We cannot agree with the conclusion reached by the West Court. The more sound approach, in our opinion, despite its rejection by the West Court, is that jurisdiction to deal with the matters covered by RCr 2.14(2) does not vest in any court until prosecution of the accused begins in the court system. Prosecution of the accused begins in the court system with the issuance of criminal process in the form of a criminal citation,[15] arrest warrant,[16] criminal summons,[17] or by the return of an indictment by a grand jury or by criminal information. The investigation of crimes is a function of the executive branch; and before prosecution of the accused reaches the courts, courts lack general jurisdiction to intercede via RCr 2.14(2) in the investigation of the accused.[18] We can appreciate the West Court's attempt to give weight to " justiciable cause" ; but today's approach is more consistent with this Commonwealth's historical understanding of criminal jurisdiction, and it is more practical.

The precedential value of West is not lost on this Court, but we are " not assigned the duty of maintaining the watch as the law ossifies." [19] At times, through proper analysis, sound jurisprudence mandates we refuse to " unquestioningly follow prior decisions." [20] To the extent West stands for the proposition that courts have the authority to intervene pre-prosecution in police interrogations of suspects via RCr 2.14(2), it is overruled.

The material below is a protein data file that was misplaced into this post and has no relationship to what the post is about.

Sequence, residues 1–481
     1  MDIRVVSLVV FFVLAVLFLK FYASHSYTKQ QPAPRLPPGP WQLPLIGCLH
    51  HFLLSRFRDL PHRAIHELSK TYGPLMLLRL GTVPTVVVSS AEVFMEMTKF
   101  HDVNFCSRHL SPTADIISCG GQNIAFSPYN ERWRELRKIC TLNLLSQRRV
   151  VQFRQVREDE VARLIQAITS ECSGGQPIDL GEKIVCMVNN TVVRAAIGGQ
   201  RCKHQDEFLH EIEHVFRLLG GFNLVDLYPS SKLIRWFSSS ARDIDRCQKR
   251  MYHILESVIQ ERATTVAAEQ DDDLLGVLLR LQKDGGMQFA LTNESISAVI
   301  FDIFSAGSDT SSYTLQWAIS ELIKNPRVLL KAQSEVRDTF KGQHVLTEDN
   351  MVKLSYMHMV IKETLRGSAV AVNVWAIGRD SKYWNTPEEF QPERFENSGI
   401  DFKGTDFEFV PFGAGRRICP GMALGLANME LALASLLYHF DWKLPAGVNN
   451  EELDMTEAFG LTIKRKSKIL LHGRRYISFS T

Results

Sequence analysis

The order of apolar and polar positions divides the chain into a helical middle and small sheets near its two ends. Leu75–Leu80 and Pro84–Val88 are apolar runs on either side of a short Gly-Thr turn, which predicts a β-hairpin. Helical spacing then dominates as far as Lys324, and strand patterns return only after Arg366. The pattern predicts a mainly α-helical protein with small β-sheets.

The question now remains how RCr 2.14(2) operates stripped of the authority given to courts by West. The answer, when reviewing the actual text of the rule, is quite simple. RCr 2.14(2) provides an individual with access to an attorney--nothing more, nothing less. It could be accurately described as a visitation rule that prevents an attorney from being barred from meeting with the attorney's client. The rule does not, as the Commonwealth would have us believe, foist counsel on the individual in custody. Instead, the rule proclaims the end of the era where, in the famous words of the Illinois Supreme Court, " attorneys must shout legal advice to their clients, held in custody, through the jailhouse door." [21] In order to comply with RCr 2.14(2), when an attorney arrives at the place where the individual is detained, the officers must allow the attorney to visit privately with the individual.[22]